kinase as the endogenous murine GCAP2. In wildtype mice phosphorylated GCAP2 at
steady state constitutes about 50% of the total protein, consistent with about 50% of
the protein retention at rod proximal compartments. This indicates that GCAP2
phosphorylation and 14-3-3 binding are not in itself toxic for the cell. It is therefore the
deregulation of this mechanism– when all GCAP2 molecules are impaired to
coordinate Ca2+ and GCAP2 phosphorylation and 14-3-3 binding are happening to a
much larger extent- that correlates with severe retinal degeneration in the bEF-GCAP2
line.
How does the accumulation of GCAP2-14-3-3 complexes at the rod inner segment
lead to cell death? We hypothesize that accumulation of these complexes might result
in pathology due to the formation of misfolded GCAP2 oligomers, in much a similar
way to which synuclein, APP, Tau, Huntingtin or ataxin lead to neuronal cell death in
Parkinson’s (PD), Alzheimer (AD), Huntington’s (HD) or spinocerebellar ataxia (SCA)
diseases. GCAP2 shows a natural tendency to aggregate. Structural studies have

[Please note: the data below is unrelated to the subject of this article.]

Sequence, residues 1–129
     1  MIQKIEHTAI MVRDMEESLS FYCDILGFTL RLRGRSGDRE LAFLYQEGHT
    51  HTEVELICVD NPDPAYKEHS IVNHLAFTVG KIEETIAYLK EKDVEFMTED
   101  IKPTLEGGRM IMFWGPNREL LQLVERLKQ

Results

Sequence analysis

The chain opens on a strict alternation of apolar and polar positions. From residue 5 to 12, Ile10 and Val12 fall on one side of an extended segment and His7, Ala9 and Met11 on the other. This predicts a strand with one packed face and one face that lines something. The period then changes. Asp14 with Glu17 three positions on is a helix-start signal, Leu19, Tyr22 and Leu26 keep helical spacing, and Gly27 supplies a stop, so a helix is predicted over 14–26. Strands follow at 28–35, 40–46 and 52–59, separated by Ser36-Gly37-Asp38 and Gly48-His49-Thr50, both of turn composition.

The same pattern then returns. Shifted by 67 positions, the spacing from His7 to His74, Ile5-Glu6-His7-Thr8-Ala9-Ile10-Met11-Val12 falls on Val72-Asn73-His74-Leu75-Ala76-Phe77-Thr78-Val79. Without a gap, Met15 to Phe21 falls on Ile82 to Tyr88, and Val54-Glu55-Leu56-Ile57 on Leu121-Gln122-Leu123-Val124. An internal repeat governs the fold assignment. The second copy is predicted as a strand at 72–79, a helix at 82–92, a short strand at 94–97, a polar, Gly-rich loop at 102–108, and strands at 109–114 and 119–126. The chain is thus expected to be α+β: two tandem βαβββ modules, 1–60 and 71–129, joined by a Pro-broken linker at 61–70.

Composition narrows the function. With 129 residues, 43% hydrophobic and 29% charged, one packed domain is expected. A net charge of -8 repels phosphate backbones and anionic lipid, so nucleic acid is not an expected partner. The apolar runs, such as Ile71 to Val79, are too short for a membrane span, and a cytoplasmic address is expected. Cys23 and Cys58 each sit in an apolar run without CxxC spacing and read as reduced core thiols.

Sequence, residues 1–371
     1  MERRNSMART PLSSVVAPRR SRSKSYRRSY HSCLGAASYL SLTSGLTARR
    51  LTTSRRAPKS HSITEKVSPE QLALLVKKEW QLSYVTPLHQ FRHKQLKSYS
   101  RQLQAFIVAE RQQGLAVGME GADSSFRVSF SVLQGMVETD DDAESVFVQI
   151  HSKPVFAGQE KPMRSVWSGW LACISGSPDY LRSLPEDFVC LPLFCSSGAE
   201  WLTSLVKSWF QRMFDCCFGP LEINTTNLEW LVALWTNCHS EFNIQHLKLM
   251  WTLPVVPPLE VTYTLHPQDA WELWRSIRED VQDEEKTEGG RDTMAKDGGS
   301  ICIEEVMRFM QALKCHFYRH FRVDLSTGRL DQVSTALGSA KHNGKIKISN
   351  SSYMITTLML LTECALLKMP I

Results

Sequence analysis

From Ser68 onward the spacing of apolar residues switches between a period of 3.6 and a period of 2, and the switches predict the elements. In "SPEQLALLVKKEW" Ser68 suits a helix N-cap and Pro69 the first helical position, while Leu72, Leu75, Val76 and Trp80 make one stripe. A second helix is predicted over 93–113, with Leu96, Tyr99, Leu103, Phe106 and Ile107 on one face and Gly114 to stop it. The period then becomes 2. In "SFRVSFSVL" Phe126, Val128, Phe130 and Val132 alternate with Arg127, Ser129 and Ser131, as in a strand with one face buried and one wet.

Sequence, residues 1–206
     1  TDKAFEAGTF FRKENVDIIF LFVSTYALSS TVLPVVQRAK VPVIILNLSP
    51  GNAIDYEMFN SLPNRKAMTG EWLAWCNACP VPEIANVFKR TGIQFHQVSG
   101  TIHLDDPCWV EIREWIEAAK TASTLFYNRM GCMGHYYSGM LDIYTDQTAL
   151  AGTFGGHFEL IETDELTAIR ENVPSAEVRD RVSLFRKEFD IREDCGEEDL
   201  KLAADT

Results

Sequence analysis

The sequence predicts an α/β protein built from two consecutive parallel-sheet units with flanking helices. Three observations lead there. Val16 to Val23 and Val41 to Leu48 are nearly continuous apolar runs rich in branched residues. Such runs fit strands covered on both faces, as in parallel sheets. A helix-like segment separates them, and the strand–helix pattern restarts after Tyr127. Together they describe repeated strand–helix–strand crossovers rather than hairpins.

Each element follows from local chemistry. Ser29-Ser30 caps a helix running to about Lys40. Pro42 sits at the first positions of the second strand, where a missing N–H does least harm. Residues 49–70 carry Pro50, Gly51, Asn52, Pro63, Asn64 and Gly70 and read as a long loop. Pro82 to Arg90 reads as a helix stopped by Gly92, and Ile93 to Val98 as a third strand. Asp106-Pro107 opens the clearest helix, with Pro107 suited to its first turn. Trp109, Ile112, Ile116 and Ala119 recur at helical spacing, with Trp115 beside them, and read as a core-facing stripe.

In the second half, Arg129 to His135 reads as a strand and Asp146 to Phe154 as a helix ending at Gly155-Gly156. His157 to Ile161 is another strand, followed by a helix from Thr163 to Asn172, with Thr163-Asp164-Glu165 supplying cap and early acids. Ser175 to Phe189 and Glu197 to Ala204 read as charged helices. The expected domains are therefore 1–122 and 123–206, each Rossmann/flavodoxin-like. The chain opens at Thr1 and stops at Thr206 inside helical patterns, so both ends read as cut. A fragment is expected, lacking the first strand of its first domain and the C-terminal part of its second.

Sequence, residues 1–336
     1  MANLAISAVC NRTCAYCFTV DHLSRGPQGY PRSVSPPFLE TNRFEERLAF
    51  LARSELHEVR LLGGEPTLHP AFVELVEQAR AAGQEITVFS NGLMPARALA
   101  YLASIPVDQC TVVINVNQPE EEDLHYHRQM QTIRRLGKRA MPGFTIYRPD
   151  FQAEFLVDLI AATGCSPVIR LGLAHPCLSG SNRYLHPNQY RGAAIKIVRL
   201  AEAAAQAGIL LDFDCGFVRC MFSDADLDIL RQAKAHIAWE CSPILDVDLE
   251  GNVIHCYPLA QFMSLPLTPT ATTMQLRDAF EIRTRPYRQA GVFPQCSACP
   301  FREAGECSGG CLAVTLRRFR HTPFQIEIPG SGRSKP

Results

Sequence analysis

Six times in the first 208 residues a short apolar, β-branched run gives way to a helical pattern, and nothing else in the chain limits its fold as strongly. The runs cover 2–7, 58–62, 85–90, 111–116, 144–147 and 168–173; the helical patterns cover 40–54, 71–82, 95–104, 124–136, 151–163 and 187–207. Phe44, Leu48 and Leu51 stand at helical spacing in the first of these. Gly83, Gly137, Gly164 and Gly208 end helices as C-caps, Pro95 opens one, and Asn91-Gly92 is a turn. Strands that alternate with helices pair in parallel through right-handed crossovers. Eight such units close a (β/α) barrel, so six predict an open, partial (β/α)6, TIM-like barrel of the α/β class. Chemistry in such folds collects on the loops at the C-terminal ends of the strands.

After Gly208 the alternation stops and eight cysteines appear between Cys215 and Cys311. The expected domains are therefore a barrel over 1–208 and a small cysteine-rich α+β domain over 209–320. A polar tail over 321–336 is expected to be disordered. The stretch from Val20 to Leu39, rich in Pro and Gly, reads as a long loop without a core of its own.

shown that the Ca2+-free form of GCAP proteins, and particularly of GCAP2, are
difficult to maintain in solution and are prone to aggregation (Ames et al. 1999). When
expressed in bacteria, recombinant GCAP2 accumulates in inclusion bodies, is only
solubilized at high concentrations of guanidinium or urea, and is difficult to maintain in
solution after refolding (Dizhoor et al. 1995).
Dimers and high molecular weight
aggregates can typically be distinguished by SDS-PAGE, more prominently for EFGCAP2 than for the wildtype form of the protein (e.g. this study, Figure R.8B). On the
other hand, previous studies have found a close association between 14-3-3 and
progressive neurodegenerative diseases. 14-3-3 proteins have been shown to
colocalize
with
AD
neurofibrillary
tangles
that
are
composed
primarily
of
hyperphosphorylated tau proteins (Layfield et al. 1996), (Lee et al. 2001). In PD, 14-33 is detectable in Lewy bodies which accumulate α-synuclein (Kawamoto et al. 2002);
and 14-3-3 colocalization was also reported for mutant ataxin in SCA (Chen et al.